In bilayers of ferromagnets and heavy metals, which form the so-called spintronic emitters, the phenomena of ultrafast demagnetization and the inverse spin Hall effect (ISHE) conspire to yield remarkably efficient emission of electric pulses in the THz band. Light-induced demagnetization of the ferromagnet launches a pulse of spin current into the heavy metal, wherein it bifurcates into a radiative charge transient due to the ISHE. The influence of temperature on this combined effect should depend on both the magnetic phase diagram and the microscopic origin of spin Hall conductivity, but its exact dependence remains to be clarified. Here, we experimentally study the temperature dependence of an archetypal spintronic emitter, the Co/Pt bilayer, using electro-optic sampling of the emitted THz pulses in the time domain. The emission amplitude is attenuated with decreasing temperature, consistent with an inverse spin Hall effect in platinum of predominantly intrinsic origin.
Femtosecond laser excitation of ferromagnet/non-magnetic heavy metal bilayers yields surprisingly intense emission of THz radiation, despite their nanometer thickness.1–3 It has been argued that this emission results from the combination of ultrafast demagnetization and the inverse spin Hall effect (ISHE). Specifically, laser excitation induces a subpicosecond quenching of magnetization in the ferromagnetic layer through the formation of a superdiffusive spin current , arising due to a larger mobility and lifetime of hot majority spins.4–7 In the heavy metal, hot electrons of opposite spin undergo spatial deflection in opposite directions at a mean tangent , called the spin Hall angle, with the spin Hall resistivity of the heavy metal and ρ its longitudinal resistivity. The heavy metal thereby acts as a spin-charge transducer, converting the injected pulsed spin current into a charge current , with the magnetization direction. The pulsed charge current emits an electric pulse () polarized perpendicularly to the initial in-plane magnetization of the sample. Due to the short timescale of demagnetization (), the spectral content of the emitted pulse lies in the THz band. In terms of the spin current density, the emission amplitude reads (see the supplementary material)
whereas the bracketed factor (which includes the resistivity of the full bilayer of thickness d) is nearly temperature independent of a bilayer of two similar metals, the THz emission amplitude may inherit a substantial temperature dependence from the remaining two quantities: the laser-induced pulsed spin current density supplied by the ferromagnet, and the spin Hall resistivity8 of the heavy metal.
The temperature dependence of (or ) differs depending on the microscopic origin of the ISHE. The particular dependence can be ascribed either to spin-dependent scattering events (extrinsic origin), or to a geometric correction to the electron velocity arising from spin Berry curvature (intrinsic origin).9,10 The temperature dependence of the spin current density , on the other hand, is set by the degree of demagnetization of the ferromagnet. Previous studies reported that the amplitude and timescale of demagnetization may depend on temperature when the ferromagnet is in proximity to a magnetic phase transition.11–15 In this work, we use cobalt as a spin source because of its large Curie temperature ( in bulk16) meaning that below room temperature, the system is far from any magnetic transition. We show that the thermal variation in this case is not set by the spin source (Co), which exhibits temperature independent magnetization and demagnetization dynamics, but instead by the spin Hall resistivity of our chosen transduction layer (Pt).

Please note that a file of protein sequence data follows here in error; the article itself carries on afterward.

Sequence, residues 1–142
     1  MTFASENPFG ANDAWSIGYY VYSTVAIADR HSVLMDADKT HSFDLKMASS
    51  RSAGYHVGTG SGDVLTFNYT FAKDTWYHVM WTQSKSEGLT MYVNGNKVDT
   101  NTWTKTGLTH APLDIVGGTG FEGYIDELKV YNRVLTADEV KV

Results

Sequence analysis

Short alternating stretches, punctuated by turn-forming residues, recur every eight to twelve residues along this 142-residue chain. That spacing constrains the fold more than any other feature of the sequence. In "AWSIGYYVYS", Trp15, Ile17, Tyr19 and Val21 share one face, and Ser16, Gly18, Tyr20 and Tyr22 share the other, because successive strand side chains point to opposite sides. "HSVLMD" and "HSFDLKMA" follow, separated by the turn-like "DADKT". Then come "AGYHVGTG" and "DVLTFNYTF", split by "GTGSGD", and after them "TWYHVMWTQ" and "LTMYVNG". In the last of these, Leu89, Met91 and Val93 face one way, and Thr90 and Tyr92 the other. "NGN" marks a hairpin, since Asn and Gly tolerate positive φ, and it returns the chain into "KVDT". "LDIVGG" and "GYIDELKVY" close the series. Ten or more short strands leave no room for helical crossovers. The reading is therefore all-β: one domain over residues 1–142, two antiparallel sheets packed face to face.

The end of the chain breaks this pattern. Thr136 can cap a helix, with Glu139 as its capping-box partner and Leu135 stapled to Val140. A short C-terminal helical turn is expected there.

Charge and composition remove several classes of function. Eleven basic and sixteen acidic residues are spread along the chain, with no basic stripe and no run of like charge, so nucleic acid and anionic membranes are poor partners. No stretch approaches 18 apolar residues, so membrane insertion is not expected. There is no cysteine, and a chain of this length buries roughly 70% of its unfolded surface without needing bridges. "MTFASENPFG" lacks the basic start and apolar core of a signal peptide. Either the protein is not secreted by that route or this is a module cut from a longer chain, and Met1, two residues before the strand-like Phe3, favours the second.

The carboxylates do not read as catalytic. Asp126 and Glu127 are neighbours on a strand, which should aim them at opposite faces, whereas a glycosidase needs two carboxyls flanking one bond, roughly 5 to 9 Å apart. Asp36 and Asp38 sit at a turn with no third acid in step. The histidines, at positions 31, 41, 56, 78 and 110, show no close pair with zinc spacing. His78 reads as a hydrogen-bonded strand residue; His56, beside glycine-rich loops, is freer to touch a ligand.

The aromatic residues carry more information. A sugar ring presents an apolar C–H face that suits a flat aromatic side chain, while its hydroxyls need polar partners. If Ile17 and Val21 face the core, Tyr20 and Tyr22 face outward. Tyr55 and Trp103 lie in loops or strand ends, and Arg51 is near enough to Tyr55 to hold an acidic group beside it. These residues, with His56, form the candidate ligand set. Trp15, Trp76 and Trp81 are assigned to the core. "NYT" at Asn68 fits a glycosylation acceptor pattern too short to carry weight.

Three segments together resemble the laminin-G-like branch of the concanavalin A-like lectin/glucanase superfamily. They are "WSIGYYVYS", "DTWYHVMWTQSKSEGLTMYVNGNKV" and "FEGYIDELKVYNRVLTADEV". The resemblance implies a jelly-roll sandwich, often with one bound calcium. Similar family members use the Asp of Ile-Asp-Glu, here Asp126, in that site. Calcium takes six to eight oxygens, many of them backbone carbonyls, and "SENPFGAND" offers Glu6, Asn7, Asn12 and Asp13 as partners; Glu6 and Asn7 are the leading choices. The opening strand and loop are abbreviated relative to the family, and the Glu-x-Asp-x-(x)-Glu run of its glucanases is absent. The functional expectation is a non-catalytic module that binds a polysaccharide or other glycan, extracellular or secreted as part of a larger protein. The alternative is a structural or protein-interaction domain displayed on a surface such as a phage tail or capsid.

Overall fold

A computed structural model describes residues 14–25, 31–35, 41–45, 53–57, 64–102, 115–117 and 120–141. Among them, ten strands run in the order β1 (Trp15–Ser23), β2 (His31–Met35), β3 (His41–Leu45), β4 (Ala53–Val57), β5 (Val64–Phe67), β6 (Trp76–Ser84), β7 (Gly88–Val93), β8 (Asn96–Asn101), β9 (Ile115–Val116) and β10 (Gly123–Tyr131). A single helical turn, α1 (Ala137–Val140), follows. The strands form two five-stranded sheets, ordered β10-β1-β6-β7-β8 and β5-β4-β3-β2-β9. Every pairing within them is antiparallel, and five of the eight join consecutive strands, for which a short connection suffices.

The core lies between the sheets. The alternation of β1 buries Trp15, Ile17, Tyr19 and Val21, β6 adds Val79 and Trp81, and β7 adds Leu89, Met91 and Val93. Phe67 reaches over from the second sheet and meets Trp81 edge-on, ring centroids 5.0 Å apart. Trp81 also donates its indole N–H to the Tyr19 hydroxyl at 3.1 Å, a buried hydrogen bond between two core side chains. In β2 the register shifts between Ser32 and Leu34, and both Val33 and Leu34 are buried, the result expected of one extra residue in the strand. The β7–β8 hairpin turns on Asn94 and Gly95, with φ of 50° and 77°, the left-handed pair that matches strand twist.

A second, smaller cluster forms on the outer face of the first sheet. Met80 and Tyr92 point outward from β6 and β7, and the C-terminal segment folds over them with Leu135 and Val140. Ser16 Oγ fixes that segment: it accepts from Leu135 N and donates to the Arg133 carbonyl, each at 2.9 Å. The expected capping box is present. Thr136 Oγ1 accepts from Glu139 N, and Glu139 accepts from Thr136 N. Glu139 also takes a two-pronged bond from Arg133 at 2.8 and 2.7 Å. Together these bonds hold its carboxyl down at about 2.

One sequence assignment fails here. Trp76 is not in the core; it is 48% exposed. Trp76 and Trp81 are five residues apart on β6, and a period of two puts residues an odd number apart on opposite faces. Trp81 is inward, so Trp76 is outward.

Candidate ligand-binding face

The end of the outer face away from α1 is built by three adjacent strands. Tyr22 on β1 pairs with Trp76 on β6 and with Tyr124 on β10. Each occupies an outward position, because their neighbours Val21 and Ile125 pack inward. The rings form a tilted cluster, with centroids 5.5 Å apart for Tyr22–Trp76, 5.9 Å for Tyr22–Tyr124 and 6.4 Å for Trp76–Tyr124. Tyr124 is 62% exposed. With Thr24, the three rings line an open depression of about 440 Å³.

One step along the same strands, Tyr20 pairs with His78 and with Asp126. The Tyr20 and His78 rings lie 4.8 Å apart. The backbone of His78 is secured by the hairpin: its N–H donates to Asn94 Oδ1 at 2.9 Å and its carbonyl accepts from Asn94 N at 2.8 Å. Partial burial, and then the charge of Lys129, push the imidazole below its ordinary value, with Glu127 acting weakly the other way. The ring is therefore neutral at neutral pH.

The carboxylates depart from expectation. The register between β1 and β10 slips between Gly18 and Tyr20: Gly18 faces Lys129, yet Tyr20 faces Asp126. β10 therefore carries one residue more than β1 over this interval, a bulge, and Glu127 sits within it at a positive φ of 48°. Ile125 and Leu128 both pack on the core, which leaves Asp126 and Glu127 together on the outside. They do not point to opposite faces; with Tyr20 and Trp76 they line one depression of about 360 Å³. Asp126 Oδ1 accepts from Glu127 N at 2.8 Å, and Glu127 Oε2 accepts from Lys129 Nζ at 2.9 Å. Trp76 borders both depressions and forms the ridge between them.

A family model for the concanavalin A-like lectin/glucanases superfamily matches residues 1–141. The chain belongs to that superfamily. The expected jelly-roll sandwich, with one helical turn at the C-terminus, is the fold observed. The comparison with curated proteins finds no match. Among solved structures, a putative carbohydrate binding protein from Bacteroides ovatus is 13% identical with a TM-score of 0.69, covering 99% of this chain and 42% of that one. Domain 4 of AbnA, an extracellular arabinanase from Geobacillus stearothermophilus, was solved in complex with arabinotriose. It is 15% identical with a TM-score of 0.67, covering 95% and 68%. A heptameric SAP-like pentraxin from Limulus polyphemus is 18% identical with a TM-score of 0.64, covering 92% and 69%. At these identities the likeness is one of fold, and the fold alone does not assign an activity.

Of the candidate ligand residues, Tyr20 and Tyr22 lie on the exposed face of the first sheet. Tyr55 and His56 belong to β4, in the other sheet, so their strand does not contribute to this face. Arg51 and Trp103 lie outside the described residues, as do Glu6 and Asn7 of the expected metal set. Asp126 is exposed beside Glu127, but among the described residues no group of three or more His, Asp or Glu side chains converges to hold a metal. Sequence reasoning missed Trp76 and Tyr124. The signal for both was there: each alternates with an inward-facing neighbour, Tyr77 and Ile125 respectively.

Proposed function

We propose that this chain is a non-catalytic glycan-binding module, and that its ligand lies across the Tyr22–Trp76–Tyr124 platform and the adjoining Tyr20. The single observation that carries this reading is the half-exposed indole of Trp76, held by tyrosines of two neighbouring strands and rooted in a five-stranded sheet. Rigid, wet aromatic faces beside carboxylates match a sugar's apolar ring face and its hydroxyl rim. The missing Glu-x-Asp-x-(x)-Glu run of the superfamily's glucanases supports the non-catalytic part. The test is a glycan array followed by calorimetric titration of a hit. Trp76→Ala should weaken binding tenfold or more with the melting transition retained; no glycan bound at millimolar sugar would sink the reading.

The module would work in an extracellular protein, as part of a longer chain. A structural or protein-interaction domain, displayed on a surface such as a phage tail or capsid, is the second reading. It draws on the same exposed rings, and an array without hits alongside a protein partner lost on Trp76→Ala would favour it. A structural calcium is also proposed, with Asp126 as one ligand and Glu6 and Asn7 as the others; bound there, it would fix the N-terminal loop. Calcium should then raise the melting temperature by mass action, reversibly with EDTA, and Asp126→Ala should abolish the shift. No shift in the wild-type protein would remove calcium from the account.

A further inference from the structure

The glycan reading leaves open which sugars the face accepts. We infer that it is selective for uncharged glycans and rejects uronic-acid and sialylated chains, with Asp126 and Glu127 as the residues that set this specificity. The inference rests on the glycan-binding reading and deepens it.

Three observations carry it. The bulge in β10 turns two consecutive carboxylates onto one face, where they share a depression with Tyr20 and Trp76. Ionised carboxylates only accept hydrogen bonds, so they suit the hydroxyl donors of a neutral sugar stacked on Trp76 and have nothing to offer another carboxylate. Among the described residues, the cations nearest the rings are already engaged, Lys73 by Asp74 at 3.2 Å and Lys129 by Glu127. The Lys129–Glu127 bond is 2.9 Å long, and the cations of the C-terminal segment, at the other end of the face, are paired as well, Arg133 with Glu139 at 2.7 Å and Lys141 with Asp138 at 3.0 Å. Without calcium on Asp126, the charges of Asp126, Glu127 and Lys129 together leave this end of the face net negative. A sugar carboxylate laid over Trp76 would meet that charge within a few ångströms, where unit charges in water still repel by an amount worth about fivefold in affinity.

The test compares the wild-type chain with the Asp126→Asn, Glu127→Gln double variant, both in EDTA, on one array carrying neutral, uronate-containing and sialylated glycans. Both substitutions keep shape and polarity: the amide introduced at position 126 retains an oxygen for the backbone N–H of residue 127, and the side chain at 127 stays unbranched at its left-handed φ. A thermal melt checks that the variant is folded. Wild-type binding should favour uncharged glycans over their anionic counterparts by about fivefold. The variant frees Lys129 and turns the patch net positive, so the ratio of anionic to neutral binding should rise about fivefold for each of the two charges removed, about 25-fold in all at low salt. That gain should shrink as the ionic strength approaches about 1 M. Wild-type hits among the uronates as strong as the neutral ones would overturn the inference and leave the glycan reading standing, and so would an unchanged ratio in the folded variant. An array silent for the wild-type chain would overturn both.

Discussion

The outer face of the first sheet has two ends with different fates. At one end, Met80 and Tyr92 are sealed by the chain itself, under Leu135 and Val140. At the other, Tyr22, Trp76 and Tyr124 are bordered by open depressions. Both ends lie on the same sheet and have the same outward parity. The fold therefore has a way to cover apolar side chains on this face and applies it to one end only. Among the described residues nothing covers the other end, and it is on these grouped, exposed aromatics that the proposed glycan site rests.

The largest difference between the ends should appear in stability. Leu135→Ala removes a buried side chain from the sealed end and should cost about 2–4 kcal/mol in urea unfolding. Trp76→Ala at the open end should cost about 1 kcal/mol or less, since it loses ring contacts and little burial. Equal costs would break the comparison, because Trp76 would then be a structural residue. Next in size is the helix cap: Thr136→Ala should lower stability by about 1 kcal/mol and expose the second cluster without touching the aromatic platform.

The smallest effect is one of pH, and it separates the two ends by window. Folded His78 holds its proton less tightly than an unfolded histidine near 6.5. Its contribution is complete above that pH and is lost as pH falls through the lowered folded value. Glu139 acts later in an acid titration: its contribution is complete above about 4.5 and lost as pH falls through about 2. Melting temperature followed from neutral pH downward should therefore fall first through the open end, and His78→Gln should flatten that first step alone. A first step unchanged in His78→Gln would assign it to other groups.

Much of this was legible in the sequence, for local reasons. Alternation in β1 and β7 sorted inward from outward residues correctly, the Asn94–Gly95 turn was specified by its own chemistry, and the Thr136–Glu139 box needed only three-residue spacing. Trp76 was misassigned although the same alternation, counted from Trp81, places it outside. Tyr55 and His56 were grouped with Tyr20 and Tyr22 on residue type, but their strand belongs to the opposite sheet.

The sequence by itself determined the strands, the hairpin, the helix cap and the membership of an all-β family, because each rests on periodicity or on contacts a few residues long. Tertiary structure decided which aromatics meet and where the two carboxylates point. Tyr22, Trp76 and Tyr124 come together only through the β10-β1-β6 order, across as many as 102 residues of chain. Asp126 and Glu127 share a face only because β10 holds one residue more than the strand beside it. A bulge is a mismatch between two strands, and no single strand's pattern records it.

A Co()/Pt() bilayer is deposited by dc magnetron sputtering at room temperature onto a glass substrate that is transparent to THz radiation. A small Ar deposition pressure () leads to a low degree of interface roughness17 and a Pt residual resistivity () of . The experimental THz time-domain emission spectroscopy setup is depicted in Fig. 1. Subpicosecond laser pulses (central wavelength , repetition rate ) are used to demagnetize the Co layer. The emitted pulse is collected by a parabolic mirror, focused, and detected with electro-optic sampling in a thick crystal cut along the (110) crystallographic direction. Complementary measurements of the magnetization and ultrafast dynamics of demagnetization are obtained via the time-resolved Faraday effect. Electronic transport measurements are carried out on a thick Pt film, deposited under the same conditions as the Co/Pt sample. These measurements are performed in a four-point van der Pauw geometry, sourcing a low frequency () current and measuring the resulting voltage drop with a lock-in amplifier.
The peak amplitude () of the emitted pulse is measured in a temperature range of , as shown in Fig. 2. The pulse shape is constant with temperature, making an unambiguous measure of the emission amplitude. We observe a reduction of emission amplitude as the sample is cooled, eventually reaching a plateau at roughly . This decrease in is at striking variance with the temperature behavior of THz emitters based on optical rectification, such as and , wherein lower temperatures reduce phonon reabsorption and enhance the emission amplitude.18,19 The same is true for photoswitches made of or , for which higher mobility at lower temperatures also contributes to enhanced THz emission.20